618.
Some of these mechanisms involve equilibria, a topic that is dealt with in greater detail in Chapter 7. For the present purposes it is enough to know that for the equilibrium,
A+B
X, the [X] will depend on both the [A] and [B].
Similarly in the equilibrium, A + A A2, the [A2] will
2
be proportional to [A] . Note also that the concentration of the intermediate (X) never appears in the rate expression.
In I, the first bimolecular step is rate determining so that the rate will depend on the rate of collisions between A and B, hence the rate will be proportional to [A].[B]. In
II the second bimolecular step is rate determining so that the rate will depend on the rate of collisions between A and X, hence the rate will be proportional to [A] [X], but [X] will depend on both [A] and [B], so that taking this into account the rate depends on [A]2 [B]. In V the rate depends on the unimolecular conversion of B to an intermediate X, so the rate only depends upon [B].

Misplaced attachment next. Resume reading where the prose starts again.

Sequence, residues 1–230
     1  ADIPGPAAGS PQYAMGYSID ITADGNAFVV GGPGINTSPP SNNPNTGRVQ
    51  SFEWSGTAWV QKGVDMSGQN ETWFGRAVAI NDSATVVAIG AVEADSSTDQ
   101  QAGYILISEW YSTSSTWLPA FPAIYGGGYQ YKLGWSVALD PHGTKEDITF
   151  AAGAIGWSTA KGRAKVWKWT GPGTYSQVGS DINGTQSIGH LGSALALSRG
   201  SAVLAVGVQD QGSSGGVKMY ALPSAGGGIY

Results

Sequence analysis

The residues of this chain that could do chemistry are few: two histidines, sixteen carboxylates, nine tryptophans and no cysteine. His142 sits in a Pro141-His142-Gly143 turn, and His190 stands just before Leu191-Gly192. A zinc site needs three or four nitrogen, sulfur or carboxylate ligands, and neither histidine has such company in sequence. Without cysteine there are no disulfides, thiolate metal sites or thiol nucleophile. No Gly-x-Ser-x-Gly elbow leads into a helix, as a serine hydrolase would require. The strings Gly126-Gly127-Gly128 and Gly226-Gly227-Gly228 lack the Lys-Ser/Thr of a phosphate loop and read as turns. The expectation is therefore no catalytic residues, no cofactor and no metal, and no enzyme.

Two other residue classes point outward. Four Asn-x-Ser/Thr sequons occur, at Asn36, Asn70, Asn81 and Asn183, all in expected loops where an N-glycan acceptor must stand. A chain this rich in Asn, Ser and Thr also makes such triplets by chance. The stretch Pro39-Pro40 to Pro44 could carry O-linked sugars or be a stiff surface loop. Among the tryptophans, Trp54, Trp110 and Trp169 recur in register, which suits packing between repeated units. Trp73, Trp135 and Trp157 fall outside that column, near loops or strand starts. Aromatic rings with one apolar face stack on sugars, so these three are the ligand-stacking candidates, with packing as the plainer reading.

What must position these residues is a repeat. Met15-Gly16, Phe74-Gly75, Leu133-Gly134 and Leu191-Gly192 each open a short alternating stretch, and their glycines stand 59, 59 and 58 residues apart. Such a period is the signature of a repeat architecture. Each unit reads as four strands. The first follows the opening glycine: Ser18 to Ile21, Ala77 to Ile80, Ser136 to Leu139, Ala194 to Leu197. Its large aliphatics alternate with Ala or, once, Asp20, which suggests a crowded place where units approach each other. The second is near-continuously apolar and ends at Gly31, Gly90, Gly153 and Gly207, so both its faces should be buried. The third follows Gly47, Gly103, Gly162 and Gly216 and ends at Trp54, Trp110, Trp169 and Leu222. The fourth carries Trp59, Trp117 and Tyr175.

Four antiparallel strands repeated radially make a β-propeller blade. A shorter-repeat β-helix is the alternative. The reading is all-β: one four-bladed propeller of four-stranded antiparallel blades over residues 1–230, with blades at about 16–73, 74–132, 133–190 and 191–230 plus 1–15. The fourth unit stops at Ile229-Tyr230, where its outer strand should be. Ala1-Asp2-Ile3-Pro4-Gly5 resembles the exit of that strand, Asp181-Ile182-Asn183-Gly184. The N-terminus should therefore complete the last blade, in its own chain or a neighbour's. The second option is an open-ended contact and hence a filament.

Rate expression Mechanism

I

A+B

X + C; Slow rds

A+X

D; Fast

(A + B + A + X
=2A+B

II

IV

X; Fast

A+X

C + D; Slow rds

(A + B + A + X

V

X+C+D

Rate ∝ [A]2 [B]

C + D overall)

A+A

A2; Fast

A2 + B

C + D; Slow rds

A+A

A2; Slow rds

A2 + B

C + D; Fast

B

Rate ∝ [A] [B]

C + D overall)

A+B

=2A+B
III

X+C+D

Rate ∝ [A]2 [B]

Rate ∝ [A]2

X; Slow rds

X+A

Y + C; Fast

Y+A

D; Fast

Rate ∝ [B]

Figure 618 Some possible mechanisms for the reaction;
2A+B
C+D

Note that III and IV only differ in which of the two steps is the rate determining step. This is not necessarily fixed, for example at very low [B] the second step could be the rate determining step (mechanism III), but at very high
[B] the second step will become much faster so that now the first step might be rate determining (mechanism IV).
Because A2 will react with B as soon as it is formed, the first step is now no longer an equilibrium. Note also that both mechanism II and mechanism III lead to the same rate expression and so some other means (such as trying to get some information about the intermediate X) would have to be used to decide which (if either.) was operating.